We know for the Borel $\sigma$-algebra that each singleton set is measurable. I was working on the problem of proving that each infinite $\sigma$-algebra has uncountably many members. My solution went something like this: if $\sigma$ were countable, intersect all of the measurable sets which contain $x$. I derive a contradiction from this. Of course, $\sigma$-algebras aren't necessarily closed under arbitrary intersection, so it might not make sense to talk about "smallest measurable set" containing a point. My question is what conditions can we put on the measure space so that it does make sense to talk of the smallest measurable set containing a point?

  • $\begingroup$ I assume by arbitrary intersection you mean uncountable? Because $\sigma$-algebras are certainly closed under countable intersections by definition. $\endgroup$ – Keaton Jul 18 '13 at 20:40
  • $\begingroup$ If the whole sigma-algebra were countable, then the sub-collection of measurable sets that contain $x$ would also be countable. So its intersection would be measurable. $\endgroup$ – GEdgar Jul 18 '13 at 21:02
  • $\begingroup$ Right. That's not the contradiction I get. I conclude that any measurable set that contains $x$ must contain the smallest set $E_x$. But then this decomposes the measure space into "atoms", which each nonempty measureable set is just the union of atoms $E_{x_i}$. If there were finitely many atoms, our $\sigma$-algebra is finite. If it is countable, then the measurable sets can be put into a bijective correspondence with the set of sequences of $0$s and $1$s. Hence, it would be uncountable. $\endgroup$ – Alex Lapanowski Jul 18 '13 at 21:05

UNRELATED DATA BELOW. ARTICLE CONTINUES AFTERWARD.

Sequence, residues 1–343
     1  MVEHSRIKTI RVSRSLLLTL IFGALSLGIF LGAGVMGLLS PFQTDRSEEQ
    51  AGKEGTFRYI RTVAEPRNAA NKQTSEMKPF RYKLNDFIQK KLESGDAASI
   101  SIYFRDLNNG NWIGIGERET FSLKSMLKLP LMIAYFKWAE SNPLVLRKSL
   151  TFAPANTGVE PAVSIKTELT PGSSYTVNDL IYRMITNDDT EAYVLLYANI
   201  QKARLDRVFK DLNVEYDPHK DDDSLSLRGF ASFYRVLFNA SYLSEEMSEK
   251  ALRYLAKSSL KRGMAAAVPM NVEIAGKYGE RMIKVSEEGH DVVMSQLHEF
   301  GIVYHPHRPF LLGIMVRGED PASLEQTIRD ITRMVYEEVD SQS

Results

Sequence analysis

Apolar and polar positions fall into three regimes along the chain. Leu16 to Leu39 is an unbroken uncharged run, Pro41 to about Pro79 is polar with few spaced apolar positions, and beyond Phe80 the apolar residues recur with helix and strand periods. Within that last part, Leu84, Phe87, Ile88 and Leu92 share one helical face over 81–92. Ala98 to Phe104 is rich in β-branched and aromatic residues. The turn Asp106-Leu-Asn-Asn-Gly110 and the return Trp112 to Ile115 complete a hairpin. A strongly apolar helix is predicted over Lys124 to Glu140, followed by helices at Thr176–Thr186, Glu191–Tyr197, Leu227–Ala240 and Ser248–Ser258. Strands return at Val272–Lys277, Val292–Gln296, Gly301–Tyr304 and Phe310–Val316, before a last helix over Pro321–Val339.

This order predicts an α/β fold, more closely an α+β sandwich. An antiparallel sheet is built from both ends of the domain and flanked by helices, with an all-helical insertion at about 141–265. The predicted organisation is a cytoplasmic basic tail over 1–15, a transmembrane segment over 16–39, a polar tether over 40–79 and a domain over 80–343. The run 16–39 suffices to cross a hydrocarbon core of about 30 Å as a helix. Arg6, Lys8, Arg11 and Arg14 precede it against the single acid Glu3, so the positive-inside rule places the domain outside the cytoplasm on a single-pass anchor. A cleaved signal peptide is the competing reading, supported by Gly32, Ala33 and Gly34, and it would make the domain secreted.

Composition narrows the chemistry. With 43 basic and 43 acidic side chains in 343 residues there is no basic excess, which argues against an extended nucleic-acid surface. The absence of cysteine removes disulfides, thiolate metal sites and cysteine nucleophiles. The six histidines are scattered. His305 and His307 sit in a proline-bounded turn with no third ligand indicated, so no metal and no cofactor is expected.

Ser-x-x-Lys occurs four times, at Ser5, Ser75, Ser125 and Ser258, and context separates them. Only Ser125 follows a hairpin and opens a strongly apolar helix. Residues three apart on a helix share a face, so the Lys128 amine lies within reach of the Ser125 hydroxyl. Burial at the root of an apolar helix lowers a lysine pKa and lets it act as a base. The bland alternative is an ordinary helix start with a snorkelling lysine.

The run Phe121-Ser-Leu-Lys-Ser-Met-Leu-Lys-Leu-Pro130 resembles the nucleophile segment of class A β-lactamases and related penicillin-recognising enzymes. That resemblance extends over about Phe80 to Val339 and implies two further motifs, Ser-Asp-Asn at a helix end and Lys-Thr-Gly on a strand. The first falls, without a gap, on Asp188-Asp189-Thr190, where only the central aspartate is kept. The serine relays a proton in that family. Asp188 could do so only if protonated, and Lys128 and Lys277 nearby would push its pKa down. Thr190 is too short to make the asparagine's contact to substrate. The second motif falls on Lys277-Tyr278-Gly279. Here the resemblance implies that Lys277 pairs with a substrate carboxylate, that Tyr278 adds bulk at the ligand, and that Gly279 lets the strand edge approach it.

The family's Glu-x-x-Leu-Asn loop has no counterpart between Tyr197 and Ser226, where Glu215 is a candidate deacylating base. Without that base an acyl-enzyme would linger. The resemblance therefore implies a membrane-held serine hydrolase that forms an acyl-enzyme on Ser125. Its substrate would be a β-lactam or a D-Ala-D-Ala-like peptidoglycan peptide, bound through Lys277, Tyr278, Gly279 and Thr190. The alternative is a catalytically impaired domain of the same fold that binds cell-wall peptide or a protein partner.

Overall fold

• $\begingroup$ The fact that every sigma-algebra is either finite or uncountable is often proved introducing such atoms--but this is not your question, right? $\endgroup$ – Did Jul 20 '13 at 8:38
  • $\begingroup$ It's not my question. But the idea of picking a smallest measurable set which contained a specific point came up naturally in its solution. Its what led me to think of the question. $\endgroup$ – Alex Lapanowski Jul 23 '13 at 14:29

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